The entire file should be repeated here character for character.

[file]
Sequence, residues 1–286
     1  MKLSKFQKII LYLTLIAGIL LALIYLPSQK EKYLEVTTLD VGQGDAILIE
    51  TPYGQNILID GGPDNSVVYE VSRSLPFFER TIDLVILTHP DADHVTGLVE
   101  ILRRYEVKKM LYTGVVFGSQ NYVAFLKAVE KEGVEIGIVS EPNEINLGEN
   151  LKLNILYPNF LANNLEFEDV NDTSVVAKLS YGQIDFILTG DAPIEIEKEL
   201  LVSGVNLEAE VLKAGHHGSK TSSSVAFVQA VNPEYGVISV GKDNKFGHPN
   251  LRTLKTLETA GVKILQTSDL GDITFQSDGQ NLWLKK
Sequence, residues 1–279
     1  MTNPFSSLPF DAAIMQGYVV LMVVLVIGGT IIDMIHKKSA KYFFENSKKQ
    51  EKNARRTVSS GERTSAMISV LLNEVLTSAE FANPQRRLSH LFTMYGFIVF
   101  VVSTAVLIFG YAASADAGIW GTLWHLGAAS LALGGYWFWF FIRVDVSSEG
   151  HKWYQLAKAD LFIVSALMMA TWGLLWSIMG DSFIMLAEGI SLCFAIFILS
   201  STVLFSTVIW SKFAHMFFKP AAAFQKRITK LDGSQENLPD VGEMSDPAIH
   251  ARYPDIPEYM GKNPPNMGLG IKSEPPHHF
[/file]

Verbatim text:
Sequence, residues 1–286
     1  MKLSKFQKII LYLTLIAGIL LALIYLPSQK EKYLEVTTLD VGQGDAILIE
    51  TPYGQNILID GGPDNSVVYE VSRSLPFFER TIDLVILTHP DADHVTGLVE
   101  ILRRYEVKKM LYTGVVFGSQ NYVAFLKAVE KEGVEIGIVS EPNEINLGEN
   151  LKLNILYPNF LANNLEFEDV NDTSVVAKLS YGQIDFILTG DAPIEIEKEL
   201  LVSGVNLEAE VLKAGHHGSK TSSSVAFVQA VNPEYGVISV GKDNKFGHPN
   251  LRTLKTLETA GVKILQTSDL GDITFQSDGQ NLWLKK
Sequence, residues 1–279
     1  MTNPFSSLPF DAAIMQGYVV LMVVLVIGGT IIDMIHKKSA KYFFENSKKQ
    51  EKNARRTVSS GERTSAMISV LLNEVLTSAE FANPQRRLSH LFTMYGFIVF
   101  VVSTAVLIFG YAASADAGIW GTLWHLGAAS LALGGYWFWF FIRVDVSSEG
   151  HKWYQLAKAD LFIVSALMMA TWGLLWSIMG DSFIMLAEGI SLCFAIFILS
   201  STVLFSTVIW SKFAHMFFKP AAAFQKRITK LDGSQENLPD VGEMSDPAIH
   251  ARYPDIPEYM GKNPPNMGLG IKSEPPHHF